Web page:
The French Health & Safety environment is considerably different from that encountered in, say, the United Kingdom and the following is not intended as a high level survey of the field of health and safety at work in France :
- The obligation on all employers to put in place a single document identifying health and safety risks in the work place,
- Provision of health and service training to employees,
- Adapting the equipment and machines ergonomically to employees and not the other way around
- To inform and to anticipate impacts on health of moral harassment and sexual harassment
- Companies with 50 or more employees must put in place a committee for health, safety and working conditions (comité d’hygiène, de sécurité et des conditions de travail also known as CHSCT). The CHSCT has a consultation and monitoring role and issues health and safety warnings. It must be provided with an annual report on health and safety and be consulted, for example, on any important changes in working conditions, as well as on the annual programs for the prevention of risks in the work place
- The employer must be affiliated to an occupational medical service “medicine du travail”. The occupational medical service will examine employees to see if they are fit for work at the time of initial employment and will periodically see each employee throughout their career; after a prolonged absence from work will assess if they are fit to take up their position once more
- More generally, there is increasing concern in France about addressing stress, particularly in the office works base with drives for performance, as there has been a list of recurring suicides and heart-related problems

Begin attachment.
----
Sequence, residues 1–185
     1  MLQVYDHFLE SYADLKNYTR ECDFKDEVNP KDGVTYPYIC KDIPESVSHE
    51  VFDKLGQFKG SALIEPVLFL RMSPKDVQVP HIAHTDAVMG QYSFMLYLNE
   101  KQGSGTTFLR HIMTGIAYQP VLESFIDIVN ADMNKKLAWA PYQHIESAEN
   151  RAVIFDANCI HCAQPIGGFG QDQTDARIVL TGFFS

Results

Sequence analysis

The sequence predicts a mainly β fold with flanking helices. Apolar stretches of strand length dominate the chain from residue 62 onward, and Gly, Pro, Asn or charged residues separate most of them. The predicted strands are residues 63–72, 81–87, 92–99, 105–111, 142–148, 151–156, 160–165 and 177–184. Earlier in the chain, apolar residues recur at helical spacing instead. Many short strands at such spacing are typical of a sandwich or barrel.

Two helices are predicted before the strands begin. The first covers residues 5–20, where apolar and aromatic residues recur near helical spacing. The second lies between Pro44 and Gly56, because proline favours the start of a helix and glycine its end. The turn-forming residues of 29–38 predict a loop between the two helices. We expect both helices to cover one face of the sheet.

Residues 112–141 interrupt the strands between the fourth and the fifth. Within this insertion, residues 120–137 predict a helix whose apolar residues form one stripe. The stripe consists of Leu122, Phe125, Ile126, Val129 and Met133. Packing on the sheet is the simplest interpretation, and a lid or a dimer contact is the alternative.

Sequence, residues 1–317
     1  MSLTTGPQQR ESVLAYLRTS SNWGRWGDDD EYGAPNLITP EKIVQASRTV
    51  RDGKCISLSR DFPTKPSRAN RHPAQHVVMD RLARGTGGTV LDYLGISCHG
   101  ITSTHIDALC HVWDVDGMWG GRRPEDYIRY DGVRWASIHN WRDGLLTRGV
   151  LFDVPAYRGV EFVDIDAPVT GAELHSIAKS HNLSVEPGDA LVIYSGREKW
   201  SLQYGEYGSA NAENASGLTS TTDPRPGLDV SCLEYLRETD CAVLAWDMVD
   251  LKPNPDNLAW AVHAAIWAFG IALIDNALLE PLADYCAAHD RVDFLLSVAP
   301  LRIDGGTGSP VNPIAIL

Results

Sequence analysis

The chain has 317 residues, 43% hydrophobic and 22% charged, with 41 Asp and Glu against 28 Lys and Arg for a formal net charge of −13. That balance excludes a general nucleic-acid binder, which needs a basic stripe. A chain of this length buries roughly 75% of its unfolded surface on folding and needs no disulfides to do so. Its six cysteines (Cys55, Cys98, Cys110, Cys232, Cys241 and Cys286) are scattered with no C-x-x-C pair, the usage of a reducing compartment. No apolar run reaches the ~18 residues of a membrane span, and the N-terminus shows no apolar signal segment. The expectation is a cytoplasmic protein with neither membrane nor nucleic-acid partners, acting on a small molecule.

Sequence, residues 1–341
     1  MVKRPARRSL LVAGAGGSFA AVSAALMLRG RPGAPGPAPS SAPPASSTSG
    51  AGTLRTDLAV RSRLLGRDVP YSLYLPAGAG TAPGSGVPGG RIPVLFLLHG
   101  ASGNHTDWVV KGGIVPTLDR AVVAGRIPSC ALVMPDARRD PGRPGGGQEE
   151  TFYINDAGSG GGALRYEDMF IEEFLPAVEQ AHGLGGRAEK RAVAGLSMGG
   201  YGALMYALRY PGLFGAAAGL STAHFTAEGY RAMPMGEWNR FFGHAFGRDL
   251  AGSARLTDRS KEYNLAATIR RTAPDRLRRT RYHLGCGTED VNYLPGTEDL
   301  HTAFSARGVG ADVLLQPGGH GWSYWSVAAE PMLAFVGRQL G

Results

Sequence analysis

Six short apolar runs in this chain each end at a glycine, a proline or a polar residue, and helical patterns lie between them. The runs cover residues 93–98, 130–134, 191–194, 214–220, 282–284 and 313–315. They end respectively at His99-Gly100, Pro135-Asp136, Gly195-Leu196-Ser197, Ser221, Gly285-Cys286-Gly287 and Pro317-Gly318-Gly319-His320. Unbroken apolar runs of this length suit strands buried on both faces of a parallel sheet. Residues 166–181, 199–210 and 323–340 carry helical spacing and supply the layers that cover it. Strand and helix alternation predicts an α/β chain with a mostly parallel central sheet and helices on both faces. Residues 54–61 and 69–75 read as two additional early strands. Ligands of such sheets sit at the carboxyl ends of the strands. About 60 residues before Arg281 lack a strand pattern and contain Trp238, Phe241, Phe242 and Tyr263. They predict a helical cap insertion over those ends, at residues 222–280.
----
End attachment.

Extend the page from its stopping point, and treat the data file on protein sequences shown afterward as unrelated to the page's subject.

- The Supreme French Civil Court has been scrutinising working time arrangements, notably for executives “cadres” given the risks of over-extending working days without sufficient rest time.
- Employers should also be aware of the role of the Works Inspector in ensuring compliances legislation and regulations in the work place.
- Accidents at work
France has a specific compensation scheme for accidents at work, which is operated by the Social Security System.As a consequence, employers in France do not have a general employer’s liability insurance because of their contributions to the Social Security System for accidents at work.
The system is not fault-based in terms of victims’ entitlement compensation. The Social Security Authority have to determine whether or not the accident is work related, and once it has been accepted the victim will be covered by the Social Security System.
In principle, the victim cannot take action against the employer or other persons whom may have caused the accident, unless there has been inexcusable negligence “faute inexcusable”. This concept has been recently expanded by the French Supreme Court.
- General strict liability for ensuring safety in the workplace.
Beyond accidents at work, French case-law has developed a concept of a general obligation of guarantying safety in the work place which contains a strict standard of liability. The broad nature of the principle means that it can capture problems of work related illnesses, moral harassment, etc…
- Criminal and civil liability of the company and its directors
Liability can be placed on employer as a physical person but also on a company as a corporate body, both in criminal terms and in civil terms because of the risk of criminal prosecution in event of, for example, an accident at work, managing directors who are not directly responsible for the day-to-day operations can be held liable.However, it is possible for delegations of power to be granted to other members of the work force who then assume the liability for employment risks and hazards.
For a specific French law enquiry about the Health and Safety, please click here